SEOUL, South Korea (AP) — South Korea’s top court ruled Thursday that same-sex couples are eligible to receive the same health insurance benefits as heterosexual couples, a landmark verdict hailed by human rights groups.

The Supreme Court said it ruled that the state health insurance agency’s refusal to provide spousal insurance coverage for gay couples was an act of discrimination that violates the constitutional principle of equality.

Thursday’s ruling is final and cannot be appealed.

“Today’s ruling is a historic victory for equality and human rights in South Korea,” Amnesty International said in a statement. “The court has taken a significant step towards dismantling systemic discrimination and ensuring inclusivity for all.”

A legal battle between a gay couple, So Seong-wook and Kim Yong-min, and the National Health Insurance Service began after the insurance agency revoked So’s registration as a dependent of Kim, prompting So to file an administrative suit.

In 2022, the Seoul Administrative Court ruled in favor of the insurance agency. But in February 2023, the Seoul High Court overturned the earlier verdict, saying that denying So’s spousal coverage rights without reasonable grounds was discriminatory because such benefits are given to heterosexual spouses.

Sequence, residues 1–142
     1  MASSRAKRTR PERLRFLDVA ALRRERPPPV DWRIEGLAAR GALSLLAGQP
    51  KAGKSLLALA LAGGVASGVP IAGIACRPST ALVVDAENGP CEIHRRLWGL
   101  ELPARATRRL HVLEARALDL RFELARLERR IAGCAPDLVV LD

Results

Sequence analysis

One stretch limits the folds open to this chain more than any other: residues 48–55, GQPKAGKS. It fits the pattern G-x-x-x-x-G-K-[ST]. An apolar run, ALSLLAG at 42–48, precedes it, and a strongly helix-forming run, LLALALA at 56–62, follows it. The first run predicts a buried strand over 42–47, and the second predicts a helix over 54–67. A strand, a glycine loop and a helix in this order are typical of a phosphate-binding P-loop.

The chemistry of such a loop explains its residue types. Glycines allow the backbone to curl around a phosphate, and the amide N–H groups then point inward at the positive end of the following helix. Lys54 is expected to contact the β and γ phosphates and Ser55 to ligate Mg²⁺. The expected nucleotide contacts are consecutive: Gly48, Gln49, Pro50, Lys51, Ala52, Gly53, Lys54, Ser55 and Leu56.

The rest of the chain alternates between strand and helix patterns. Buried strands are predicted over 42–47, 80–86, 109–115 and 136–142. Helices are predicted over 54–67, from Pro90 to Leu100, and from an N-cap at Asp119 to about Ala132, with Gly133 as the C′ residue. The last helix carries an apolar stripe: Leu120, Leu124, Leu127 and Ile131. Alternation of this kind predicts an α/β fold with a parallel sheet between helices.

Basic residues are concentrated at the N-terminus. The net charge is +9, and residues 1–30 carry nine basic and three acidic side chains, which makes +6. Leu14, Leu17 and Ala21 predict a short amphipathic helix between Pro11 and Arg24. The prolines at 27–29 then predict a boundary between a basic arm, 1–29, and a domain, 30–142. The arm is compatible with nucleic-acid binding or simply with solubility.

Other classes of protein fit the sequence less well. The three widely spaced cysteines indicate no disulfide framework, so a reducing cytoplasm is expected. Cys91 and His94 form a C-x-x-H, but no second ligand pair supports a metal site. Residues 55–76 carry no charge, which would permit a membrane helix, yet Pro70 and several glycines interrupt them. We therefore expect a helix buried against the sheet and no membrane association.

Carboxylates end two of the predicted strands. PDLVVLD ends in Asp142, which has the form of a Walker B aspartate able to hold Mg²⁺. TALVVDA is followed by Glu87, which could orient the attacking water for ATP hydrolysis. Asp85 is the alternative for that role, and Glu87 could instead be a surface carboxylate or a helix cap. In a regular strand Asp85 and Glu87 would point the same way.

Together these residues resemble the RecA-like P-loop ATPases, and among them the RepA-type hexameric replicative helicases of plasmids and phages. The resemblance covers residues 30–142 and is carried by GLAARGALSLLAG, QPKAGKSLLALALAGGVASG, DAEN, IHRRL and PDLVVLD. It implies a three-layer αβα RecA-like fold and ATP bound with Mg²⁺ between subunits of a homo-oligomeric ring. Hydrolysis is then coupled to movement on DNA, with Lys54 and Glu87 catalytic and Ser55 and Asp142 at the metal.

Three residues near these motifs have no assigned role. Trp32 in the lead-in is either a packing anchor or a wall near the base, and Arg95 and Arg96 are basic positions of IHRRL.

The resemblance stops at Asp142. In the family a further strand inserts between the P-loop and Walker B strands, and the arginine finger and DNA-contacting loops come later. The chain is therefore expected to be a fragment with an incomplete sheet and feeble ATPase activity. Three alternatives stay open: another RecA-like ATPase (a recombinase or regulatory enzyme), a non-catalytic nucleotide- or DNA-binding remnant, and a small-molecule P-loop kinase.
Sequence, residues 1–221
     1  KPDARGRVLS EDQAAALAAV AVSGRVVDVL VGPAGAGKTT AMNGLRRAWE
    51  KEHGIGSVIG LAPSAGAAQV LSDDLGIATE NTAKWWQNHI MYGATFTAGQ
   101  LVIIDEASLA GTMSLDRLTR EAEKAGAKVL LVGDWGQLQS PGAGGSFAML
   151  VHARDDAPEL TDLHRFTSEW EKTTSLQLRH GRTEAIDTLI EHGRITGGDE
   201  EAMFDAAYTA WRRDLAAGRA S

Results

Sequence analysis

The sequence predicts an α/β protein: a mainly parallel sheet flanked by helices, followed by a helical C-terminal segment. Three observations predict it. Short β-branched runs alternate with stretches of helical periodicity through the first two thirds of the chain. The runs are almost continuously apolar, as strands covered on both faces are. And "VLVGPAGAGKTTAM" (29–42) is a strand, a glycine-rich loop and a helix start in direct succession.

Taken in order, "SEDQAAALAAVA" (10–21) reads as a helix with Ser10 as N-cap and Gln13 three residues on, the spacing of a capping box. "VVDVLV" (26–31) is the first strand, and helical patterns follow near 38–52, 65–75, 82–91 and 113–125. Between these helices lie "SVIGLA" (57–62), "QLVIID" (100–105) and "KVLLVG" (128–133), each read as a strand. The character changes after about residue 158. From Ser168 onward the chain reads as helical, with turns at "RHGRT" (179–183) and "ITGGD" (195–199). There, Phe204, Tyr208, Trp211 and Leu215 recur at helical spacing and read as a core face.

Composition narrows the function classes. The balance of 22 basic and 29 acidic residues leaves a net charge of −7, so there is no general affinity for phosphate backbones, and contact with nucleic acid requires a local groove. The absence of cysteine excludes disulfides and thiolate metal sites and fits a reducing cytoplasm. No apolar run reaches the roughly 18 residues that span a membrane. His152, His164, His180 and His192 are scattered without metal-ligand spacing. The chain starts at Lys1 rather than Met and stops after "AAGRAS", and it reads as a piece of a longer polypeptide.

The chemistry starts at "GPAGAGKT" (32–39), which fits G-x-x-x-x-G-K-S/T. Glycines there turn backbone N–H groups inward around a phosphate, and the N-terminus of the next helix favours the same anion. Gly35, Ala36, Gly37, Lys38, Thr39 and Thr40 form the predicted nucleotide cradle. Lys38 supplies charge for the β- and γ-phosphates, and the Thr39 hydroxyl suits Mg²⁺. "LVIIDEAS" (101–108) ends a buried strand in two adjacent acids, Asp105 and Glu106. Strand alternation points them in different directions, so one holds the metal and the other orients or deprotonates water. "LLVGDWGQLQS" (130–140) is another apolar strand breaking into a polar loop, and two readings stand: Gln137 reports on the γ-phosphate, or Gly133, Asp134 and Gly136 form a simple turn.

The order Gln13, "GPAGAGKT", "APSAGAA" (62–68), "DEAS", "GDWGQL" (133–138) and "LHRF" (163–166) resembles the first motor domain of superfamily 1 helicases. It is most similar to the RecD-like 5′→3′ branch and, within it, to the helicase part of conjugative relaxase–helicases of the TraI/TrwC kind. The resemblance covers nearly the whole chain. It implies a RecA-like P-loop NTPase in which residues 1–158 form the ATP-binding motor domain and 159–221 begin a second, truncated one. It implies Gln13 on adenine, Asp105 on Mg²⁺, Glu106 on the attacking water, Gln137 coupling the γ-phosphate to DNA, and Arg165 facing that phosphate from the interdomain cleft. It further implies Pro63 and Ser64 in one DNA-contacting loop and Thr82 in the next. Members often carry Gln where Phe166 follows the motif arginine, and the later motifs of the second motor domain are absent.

Public views on gender issues in South Korea have gradually changed in recent years, but critics say the Asian country still has a long way to go compared with other developed countries. South Korea doesn’t legally recognize same-sex marriages.

“While this decision is a major milestone, the case itself is a sobering reminder of the lengthy judicial processes that same-sex couples must endure to secure basic rights that should be universally guaranteed,” Amnesty International said.

So and Kim welcomed the ruling.

“When I listened to the verdict, I was so moved that I couldn't hold back my tears,” So told reporters outside the court. He said he hopes the ruling will lead to South Korea legally accepting same-sex marriages.

Kim said he is “very happy” because he thinks the court recognized his love for So.

Gay couple So Seong-wook, left, and Kim Yong Min, leave the Supreme Court building in Seoul, South Korea, Thursday, July 18, 2024. (Suh Dae-yeon/Yonhap via AP)

Gay couple So Seong-wook, left, and Kim Yong Min, leave the Supreme Court building in Seoul, South Korea, Thursday, July 18, 2024. (Suh Dae-yeon/Yonhap via AP)